Pacing therapy in the management of unexplained syncope: A tertiary care centre prospective study
Research output: Contribution to journal › Article
Objective Pacemaker (PM) therapy is effective when syncope is associated with bradycardia, but syncope recurrences and fall injuries after PM implantation may occur. We aimed to survey indications and outcomes of PM implantation, following evaluation of unexplained syncope. Methods Among 1666 consecutive unpaced patients investigated in a tertiary syncope unit by carotid-sinus massage (CSM), head-up tilt test (HUT) and ECG monitoring, 106 (6.4%; age, 65 ± 17 years) received a PM. We assessed bradycardia detection methods, PM implantation indications, and explored incidence of recurrent syncope, fall-related fractures and mortality. Results Indications for PM therapy were met in 32/106 patients (30%) by CSM, in 41/106 (39%) by HUT, in 14/106 patients (13%) by implantable loop-recorder (ILR) and in 19/106 (18%) by standard ECG. Sinus arrest with asystole was the predominant PM indication during CSM/HUT and external ECG monitoring, whereas ILR detected proportionally the same numbers o f asystole due to sinus arrest and atrioventricular block. During follow-up (median, 4.3 years), 15 patients (14%) had syncope recurrence, 15 suffered fall-related fractures and 9 died. Neither syncope recurrence nor fall-related fractures were dependent on initial PM indication. The composite endpoint of recurrent syncope/fall-related fracture was associated with treated hypertension (OR 2.45; 95% CI 1.00 to 6.0), reduced glomerular filtration rate (OR 1.63 per 10 mL/minâ †"; 95% CI 1.22 to 2.19) and atrial fibrillation (OR 3.98; 95% CI 1.11 to 14.3). Recurrent syncope predicted increased mortality (OR 9.20; 95% CI 1.89 to 44.8). Conclusions Cardiovascular autonomic testing and ECG monitoring effectively identify pacing indications in patients with unexplained syncope. After PM implantation, treated hypertension, renal failure and atrial fibrillation predict syncope recurrence and fall-related injury. Recurrent syncope predicts increased mortality.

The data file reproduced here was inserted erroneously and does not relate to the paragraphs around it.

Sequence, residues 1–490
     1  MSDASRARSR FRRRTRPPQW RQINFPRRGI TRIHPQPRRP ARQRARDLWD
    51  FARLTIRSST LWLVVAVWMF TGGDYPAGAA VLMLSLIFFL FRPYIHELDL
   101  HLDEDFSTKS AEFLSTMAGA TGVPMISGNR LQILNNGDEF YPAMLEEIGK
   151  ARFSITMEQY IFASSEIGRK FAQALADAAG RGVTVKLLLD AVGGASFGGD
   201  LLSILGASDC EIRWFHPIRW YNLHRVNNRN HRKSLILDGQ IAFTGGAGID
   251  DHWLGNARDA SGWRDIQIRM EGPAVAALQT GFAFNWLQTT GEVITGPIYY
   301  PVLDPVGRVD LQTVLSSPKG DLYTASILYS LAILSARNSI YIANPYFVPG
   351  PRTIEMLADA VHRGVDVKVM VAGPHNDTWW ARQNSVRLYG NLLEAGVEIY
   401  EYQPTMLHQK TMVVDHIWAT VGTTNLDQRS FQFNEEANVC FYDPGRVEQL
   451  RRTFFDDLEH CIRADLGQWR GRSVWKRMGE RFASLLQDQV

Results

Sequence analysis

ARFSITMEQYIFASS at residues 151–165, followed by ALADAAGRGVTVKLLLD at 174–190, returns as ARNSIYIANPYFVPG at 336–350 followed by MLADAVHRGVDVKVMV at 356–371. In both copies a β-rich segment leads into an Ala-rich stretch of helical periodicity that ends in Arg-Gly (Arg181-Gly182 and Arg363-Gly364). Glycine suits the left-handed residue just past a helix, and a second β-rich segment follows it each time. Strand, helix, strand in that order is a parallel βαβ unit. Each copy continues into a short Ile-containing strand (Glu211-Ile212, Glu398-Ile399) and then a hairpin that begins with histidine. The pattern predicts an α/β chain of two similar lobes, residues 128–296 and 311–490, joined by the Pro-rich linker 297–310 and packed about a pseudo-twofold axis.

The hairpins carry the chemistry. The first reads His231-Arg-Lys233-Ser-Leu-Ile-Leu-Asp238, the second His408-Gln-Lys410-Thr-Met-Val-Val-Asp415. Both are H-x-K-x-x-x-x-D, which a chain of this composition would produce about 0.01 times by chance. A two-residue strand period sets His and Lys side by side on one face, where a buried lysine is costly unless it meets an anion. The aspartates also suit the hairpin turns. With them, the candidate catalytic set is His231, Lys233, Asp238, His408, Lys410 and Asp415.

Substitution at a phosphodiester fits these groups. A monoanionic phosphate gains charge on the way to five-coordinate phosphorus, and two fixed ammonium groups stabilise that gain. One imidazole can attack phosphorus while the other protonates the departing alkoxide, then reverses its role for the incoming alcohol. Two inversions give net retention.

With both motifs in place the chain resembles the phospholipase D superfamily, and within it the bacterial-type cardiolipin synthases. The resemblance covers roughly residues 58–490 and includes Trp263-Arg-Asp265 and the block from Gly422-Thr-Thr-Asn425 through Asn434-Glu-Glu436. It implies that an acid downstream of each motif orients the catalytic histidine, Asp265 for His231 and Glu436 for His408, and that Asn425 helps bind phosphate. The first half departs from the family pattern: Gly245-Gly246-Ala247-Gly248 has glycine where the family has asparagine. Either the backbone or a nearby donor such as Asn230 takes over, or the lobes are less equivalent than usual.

|Research areas and keywords||
Subject classification (UKÄ) – MANDATORY
|Publication status||Published - 2019|